Assembly: Passed 06/07/2016
Senate: Referred to Insurance 06/07/2016
Gender Expression Non-Discrimination Act (GENDA) (A.4558A/S.61A)
The GENDA will outlaw discrimination in New York State based on gender identity or expression and protect transgender men and women from discriminatory practices. This bill will add “gender identity and expression” to the New York State Human Rights Law which already protect individuals from discrimination on the basis of age, race, creed, national origin, sexual orientation, sex and other categories in the areas of employment, housing, public accommodations, education and credit. GENDA will close the gap on protecting key civil rights of transgender individuals.
Assembly: Ordered to Third Reading Cal.183 06/97/2016
Senate: Returned to Senate 06/07/2016
Note: While Governor Cuomo introduced regulations through executive order that unequivocally bans harassment and discrimination against transgender people, NOW still supports the passage of the GENDA bill to make sure that this is enshrined in New York State law.
Child Victims Act (A.2872A/S.63A)
The Child Victims Act will eliminate the statute of limitations for filing a case of childhood sexual abuse. Under current law, a survivor of childhood sexual abuse must report the claim within a 5 year window of turning 18. By abolishing the statute of limitations predators and their protectors will be held responsible for crimes and victims who were unfairly denied their day in court will have an opportunity to seek justice The Child Victims Act will help to better advocate for child victims of sexual abuse, prevent the silencing of victims, and allow victims more time to feel comfortable pursuing legal action against predators.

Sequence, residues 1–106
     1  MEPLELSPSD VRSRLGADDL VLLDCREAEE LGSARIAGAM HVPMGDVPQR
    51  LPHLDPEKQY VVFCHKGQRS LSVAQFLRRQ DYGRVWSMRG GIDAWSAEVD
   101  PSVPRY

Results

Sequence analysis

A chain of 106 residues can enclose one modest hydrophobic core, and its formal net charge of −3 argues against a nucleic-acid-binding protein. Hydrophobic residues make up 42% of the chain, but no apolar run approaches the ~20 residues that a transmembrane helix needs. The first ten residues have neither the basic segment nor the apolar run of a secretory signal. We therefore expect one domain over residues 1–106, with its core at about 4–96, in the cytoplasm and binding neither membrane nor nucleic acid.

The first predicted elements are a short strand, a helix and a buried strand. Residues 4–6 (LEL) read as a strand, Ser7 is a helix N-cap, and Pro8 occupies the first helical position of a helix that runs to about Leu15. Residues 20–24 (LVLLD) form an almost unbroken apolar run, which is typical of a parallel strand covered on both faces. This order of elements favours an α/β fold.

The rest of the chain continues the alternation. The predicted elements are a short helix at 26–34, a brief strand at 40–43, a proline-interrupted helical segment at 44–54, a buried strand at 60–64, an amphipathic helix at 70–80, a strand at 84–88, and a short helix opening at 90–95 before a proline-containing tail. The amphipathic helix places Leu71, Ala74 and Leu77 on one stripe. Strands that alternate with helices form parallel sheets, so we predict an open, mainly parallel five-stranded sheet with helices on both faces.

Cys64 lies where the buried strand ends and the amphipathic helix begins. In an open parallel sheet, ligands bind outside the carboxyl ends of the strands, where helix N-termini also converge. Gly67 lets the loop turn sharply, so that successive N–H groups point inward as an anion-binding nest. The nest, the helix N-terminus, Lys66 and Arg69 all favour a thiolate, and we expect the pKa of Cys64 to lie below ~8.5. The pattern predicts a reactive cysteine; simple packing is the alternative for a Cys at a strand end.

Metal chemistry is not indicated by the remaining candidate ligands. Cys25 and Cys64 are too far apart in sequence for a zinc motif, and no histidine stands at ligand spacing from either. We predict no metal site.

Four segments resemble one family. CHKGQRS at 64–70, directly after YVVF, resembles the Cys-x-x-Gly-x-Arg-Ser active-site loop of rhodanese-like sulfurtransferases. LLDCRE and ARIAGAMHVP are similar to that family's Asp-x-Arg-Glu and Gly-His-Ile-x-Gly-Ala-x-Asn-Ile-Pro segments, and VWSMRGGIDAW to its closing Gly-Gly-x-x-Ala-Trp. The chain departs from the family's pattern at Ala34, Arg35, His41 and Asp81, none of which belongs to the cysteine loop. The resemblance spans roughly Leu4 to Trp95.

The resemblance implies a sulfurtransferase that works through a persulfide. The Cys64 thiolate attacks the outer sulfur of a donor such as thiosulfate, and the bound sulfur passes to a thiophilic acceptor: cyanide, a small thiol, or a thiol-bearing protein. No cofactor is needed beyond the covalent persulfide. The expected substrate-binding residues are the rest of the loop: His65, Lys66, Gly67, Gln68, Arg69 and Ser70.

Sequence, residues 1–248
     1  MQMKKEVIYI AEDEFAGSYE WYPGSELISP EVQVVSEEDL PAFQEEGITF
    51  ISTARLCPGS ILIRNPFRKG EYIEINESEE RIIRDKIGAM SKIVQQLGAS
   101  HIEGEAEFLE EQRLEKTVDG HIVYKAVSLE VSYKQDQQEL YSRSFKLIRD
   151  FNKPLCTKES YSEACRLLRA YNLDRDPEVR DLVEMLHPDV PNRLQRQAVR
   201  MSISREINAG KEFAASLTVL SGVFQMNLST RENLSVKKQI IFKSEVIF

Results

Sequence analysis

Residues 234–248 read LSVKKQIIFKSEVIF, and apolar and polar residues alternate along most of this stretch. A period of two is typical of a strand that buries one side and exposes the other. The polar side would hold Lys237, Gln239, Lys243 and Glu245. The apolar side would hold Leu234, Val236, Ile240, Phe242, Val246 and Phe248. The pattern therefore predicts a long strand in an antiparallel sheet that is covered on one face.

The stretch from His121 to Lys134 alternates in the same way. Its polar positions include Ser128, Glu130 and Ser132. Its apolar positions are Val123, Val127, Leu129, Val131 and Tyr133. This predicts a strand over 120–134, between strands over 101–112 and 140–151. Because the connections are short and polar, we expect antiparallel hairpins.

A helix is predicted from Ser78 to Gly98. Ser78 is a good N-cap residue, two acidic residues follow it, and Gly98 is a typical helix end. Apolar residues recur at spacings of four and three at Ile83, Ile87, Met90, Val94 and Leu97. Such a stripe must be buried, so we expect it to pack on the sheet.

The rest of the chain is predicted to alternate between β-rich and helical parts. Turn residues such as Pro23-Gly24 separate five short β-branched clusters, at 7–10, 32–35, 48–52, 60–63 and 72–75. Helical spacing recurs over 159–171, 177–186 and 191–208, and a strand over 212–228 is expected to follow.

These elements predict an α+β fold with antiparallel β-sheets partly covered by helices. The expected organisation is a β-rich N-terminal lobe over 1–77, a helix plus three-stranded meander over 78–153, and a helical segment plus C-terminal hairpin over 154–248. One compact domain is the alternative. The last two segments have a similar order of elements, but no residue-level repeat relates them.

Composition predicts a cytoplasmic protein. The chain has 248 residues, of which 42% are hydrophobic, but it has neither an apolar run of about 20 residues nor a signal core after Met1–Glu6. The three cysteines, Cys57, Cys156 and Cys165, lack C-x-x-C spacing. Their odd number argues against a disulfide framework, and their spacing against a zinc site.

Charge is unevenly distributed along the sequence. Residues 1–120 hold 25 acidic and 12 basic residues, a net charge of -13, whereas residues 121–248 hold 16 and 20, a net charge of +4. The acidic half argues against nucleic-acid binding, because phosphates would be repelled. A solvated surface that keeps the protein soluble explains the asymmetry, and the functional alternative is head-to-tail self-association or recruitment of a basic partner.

Assembly: Referred to Codes 1/6/2016
Senate: Referred to Codes: 1/6/2016
Equal Pay for Comparable Worth for State Employees (A.437/S.3249A)
This legislation seeks to comply with the federal equal pay act of 1963 by implementing a state policy of compensating employees in state service equally for work of comparable value by eliminating wage inequality in job titles having been segregated by sex, race or national origin. It would require the president of the civil service commission to report annually to the legislature and the governor on those segregated titles for which wage disparity exists. It would also mandate that the governor appropriate monies to ensure wage disparities are corrected. New York State supports women’s equality, and it should commit to lead by example by working to eliminate pay disparities that exist between different jobs requiring similar levels of skill.